Friday, October 9, 2009

Potato with Okra: Aloo bhindi masala

Many goras don't like okra because it comes out slimy. The desi methods of cooking okra can circumvent slimyness. The key is allowing the okra to fully dry after washing. Moisture will bring out the okra slime. Another key is to avoid tossing the okra around too much. Try to avoid moving it too much with the spatula, and the slime will not seep out. Below I mention four methods for cooking okra for a bhindi masala, from deep frying (ideal but unhealthy, to sautee-ing, to cooking in the gravy (some mushiness will occur), to a low fat microwave steam to saute method. The main recipe is something I picked up/adapted from my dear friend Gehana, who does cooking classes in Dubai...see side bar link for more info.

For the okra:

Wash bhindi and allow to air dry. It should be very dry, then make a small slit in each piece and cut the bhindi in two pieces.

If you want the bhindi perfect, no mushyness, cook the bhindi by deep frying till crispy looking (starting to look a bit golden on the sides) and set aside.

You can also gently pan fry in nonstick, covering and sprinkling water until done, without moving them in the pan too much so the sticky slime doesn't come out. They should be about 3/4 cooked if you do the pan method. Set aside.

There is also a way to steam okra in the microwave and then gently saute. You wash and allow to completely dry, clean, and cut the okra. Then you put it in a microwave safe dish with the top of the dish covered in slightly ajar saran wrap. Microwave on high for 4-5 mins. Then you have to allow the okra to completly cool. Then you heat a pan and add 1 tsp or so oil. I have tried with fat free cooking spray but didn't get the best results. Anyhow, you then sautee just to give the okra some crispyness and color. Then you would add it to the cooked masala for 5 mins on low heat.
I have done this with masala stuffed okra and also just plain sprinkled with some pan roasted spices. It works well and I can't say that the taste is as fabulous as deep fried, but it is definately good for something low fat.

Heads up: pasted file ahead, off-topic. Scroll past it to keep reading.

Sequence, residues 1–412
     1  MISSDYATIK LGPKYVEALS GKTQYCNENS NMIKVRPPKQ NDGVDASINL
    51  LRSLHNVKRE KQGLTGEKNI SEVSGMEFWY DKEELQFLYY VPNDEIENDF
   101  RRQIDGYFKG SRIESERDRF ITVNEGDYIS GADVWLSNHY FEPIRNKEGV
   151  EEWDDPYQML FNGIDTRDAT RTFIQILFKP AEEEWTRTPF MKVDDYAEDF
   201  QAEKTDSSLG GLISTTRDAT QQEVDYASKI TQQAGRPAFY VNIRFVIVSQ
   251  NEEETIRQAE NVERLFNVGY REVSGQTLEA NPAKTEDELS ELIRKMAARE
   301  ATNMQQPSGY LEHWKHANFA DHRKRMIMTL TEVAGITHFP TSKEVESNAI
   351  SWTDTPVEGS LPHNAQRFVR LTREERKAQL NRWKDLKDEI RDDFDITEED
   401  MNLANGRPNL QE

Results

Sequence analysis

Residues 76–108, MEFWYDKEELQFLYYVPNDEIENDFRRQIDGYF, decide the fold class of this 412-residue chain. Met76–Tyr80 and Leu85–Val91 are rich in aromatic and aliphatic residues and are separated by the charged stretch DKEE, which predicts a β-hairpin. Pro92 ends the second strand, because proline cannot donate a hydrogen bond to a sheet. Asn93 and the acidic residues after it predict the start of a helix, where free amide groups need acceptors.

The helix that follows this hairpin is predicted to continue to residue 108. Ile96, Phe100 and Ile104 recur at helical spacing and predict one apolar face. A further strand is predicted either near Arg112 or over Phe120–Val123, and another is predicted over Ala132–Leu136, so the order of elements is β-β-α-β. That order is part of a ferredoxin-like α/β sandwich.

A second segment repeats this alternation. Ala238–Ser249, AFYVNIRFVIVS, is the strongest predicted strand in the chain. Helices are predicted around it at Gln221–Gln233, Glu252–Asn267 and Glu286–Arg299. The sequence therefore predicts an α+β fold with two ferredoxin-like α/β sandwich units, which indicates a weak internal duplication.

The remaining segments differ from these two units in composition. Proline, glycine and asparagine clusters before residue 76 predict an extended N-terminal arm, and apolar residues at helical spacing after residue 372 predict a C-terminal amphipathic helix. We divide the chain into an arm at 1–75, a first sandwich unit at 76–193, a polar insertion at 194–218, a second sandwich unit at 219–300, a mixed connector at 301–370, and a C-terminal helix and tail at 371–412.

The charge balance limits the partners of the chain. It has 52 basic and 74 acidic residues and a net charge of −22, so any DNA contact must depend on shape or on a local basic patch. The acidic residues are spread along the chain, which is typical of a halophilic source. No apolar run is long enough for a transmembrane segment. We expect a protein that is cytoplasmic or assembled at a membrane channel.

The potatoes

For the potatoes: cut about the same size as the bhindi slices, which you can also fry separately and add in at the end, or pan saute, or also cook in the masala.

For the masala:

In a food processor add:
1 onion
4 pieces garlic
1 inch chunk ginger
3 fresh green chiles
2 medium tomatoes
1 tbs coriander powder
1 tsp cumin powder,
1/2 tsp turmeric
1/2 tsp red chile powder
1/2 tsp dried mango powder

Grind all of these ingredients together for your masala.

Heat 2-3 tbs oil in pan, fry the masala paste until the moisture evaporates, adding salt to taste shortly after you add the masala to the pan. When the oil has risen to the top of the masala and it is a thick paste but not fully dry, add the bhindi and lower heat and cook for about five minutes more.

All in one pan method:

You can also cook the potatoes and bhindi in the pan with the masala, but they will get a bit mushy. Some people like it that way though, so it is up to you. For this, cook the masala for a few minutes to dry it up a bit. Then add in the raw potatoes, sautee, and cover for 5 minutes, sprinking a little water. After 5 minutes of cooking the potatoes, add in the okra, stir once well to mix it into the masala, sprinking a little water. Lower heat and cover, steaming on low heat for about 20 minutes. Every five minutes or so, you should open the lid, sprinkle some water around the pan, and shake the pan gently to move the potatoes and okra. Cook until potatoes are tender and by then okra will be done, too.
What ever method you use, garnish with a pinch of freshly ground whole green cardamom.
This generic masala paste can be used with many other vegetable combinations: peas and potato, peas and paneer, cauliflour, pea and carrot, and so forth. The options are endless.

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